Many mediation participants never raise intent as an issue and instead simply assume a desire to settle. You may have some idea of your opponent’s intent based upon what has occurred in litigation and prior settlement negotiations, if any. Remove any doubt. Directly ask the mediator about intent at the beginning and again during the mediation as your intuition tells you. And if the mediator says, “I don’t know” or “it’s too early to tell,” ask what the mediator can do to find out and when. Your opponent’s objective should be near the top of your list of essential information about them. Be sure to get the mediator’s take on this, even if you feel you already have a good handle. You’re paying for it.
Reducing the defense arguments
Actively advance your agenda during mediation by coupling your moves in back and forth negotiations with reasons whenever possible and appropriate. Do more than just give the mediator a number to carry back to the other room. Give a reason and ask the mediator to state the reason with the number or the move. For example, you might say that “We are changing our position from $X to $Y in recognition of the potential merit of your argument about ____________.” You have acknowledged their argument, you have paid for it, and now you can cross it off the list of arguments in favor of the other side. You don’t pay for the same real estate twice and you have advanced your agenda by reducing their remaining arguments.
You can affirmatively direct the discussion to issues you want to talk about – your strengths – by using the same technique. When making a small move, you can give a message that goes like this: “We are moving from $X to $Y because we believe in the process, but we are not hearing an answer to our position on __________.” Again, you have kept things going but, more importantly, you have focused a big spotlight on a strong issue for you, advancing your agenda. In either instance, even if people do not like your reason, having a reason for your move is preferable to throwing out a number for no reason other than it is a dance or “just because.”
Use the mediator as a resource
Look upon and utilize the mediator as a resource to get information for you. The mediator will always know things that you don’t because of confidential communications with the other side. While confidential communications are off limits, the impressions and conclusions of the mediator are not – but you have to knock on the door. Go ahead and ask the mediator, based upon what he or she has learned, for the realistic settlement range of the case – and how they arrived at that range. Ask the mediator to get the specifics the other side seems unwilling to provide. Do not allow the other side to dodge with a statement like, “We don’t want to argue over facts, we believe in the strength of our position.” Well, if it is a killer liability issue or such a great defense, what is it? What are the facts or statute or case? Push the mediator to push them on this. In testy circumstances an alert attorney can pull this off with a question for the mediator to ask of her opponent: “Is there something else, anything else, we should know that would influence us to change our position in your favor?”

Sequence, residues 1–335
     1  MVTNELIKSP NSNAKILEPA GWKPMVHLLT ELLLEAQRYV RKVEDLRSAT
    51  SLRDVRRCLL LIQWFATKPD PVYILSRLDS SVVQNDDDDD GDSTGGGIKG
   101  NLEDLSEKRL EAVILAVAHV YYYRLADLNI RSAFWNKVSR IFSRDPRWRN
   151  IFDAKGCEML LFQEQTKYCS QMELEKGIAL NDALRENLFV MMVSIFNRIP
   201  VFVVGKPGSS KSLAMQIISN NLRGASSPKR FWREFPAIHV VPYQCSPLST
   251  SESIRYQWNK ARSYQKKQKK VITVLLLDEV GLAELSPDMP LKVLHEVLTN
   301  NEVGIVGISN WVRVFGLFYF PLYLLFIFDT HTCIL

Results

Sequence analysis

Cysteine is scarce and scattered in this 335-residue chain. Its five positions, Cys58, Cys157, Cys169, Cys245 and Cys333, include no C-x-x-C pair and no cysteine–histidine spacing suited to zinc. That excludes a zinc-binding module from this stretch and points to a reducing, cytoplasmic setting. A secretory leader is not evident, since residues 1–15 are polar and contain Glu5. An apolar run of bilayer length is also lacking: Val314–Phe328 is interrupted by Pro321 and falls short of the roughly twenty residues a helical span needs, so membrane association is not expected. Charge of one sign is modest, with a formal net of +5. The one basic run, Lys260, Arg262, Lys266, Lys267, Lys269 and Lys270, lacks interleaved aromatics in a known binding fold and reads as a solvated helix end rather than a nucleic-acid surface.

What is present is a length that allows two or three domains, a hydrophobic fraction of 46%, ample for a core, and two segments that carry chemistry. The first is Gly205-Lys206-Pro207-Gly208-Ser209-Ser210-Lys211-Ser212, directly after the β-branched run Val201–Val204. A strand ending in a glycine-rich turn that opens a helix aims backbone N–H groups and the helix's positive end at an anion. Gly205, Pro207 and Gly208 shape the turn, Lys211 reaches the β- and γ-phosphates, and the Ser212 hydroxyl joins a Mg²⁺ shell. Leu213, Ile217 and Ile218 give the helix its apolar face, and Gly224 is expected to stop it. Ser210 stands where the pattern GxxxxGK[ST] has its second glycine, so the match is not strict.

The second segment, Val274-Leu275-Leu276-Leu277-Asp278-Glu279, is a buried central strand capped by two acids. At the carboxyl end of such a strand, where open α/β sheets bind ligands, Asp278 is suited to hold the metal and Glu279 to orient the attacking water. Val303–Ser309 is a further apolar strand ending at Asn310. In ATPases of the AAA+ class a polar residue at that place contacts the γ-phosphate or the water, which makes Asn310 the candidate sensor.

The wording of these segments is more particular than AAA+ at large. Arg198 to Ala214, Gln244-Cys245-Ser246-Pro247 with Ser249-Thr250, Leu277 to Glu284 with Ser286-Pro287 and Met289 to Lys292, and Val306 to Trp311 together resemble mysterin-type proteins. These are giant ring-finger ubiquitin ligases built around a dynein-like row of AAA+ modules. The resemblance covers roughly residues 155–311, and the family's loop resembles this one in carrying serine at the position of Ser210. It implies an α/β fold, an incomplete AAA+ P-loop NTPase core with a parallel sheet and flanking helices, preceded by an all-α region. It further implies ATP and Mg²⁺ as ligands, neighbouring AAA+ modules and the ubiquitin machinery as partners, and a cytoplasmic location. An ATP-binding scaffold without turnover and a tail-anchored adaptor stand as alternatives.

Consciously cultivate a relationship of trust with the mediator, as this will open all kinds of doors for you and make the mediator an even better resource for you. It’s almost impossible to overstate the importance of this. You absolutely want a mediator who has your back vis-a-vis your client and when the mediator is in the other room. A mediator who trusts you to be honest is going to be a much better advocate for your position. Like everyone else, mediators find that when they can trust someone and rely on their word, it is such a welcome breath of fresh air that they naturally gravitate towards that person or their position without necessarily even knowing it. There are many ways to put deposits in the trust account, but in things big and small, it boils down to saying what you mean and doing what you say you will do.
It’s been said that parties make the settlement, and I suppose that is mostly true. More often than not, the heroes I see in mediation are the attorneys who act on behalf of their clients, like the grandmother strolling with her grandson along the seashore. If you are assertively engaged in your mediation like she was and there is a settlement to be had, you will get more than a settlement, you will get the best deal possible. Don’t forget the hat.
Ed Oster was a trial lawyer for 38 years before becoming a full-time mediator in 2014. As a trial lawyer, he handled the kinds of cases that he specializes in now: bad faith insurance coverage, personal injury, real estate, employment and professional liability. Now a neutral with Judicate West, he mediates throughout California in addition to Nevada, Oregon, Washington, New York, Connecticut and Illinois.
Copyright © 2021 by the author.
For reprint permission, contact the publisher: Advocate Magazine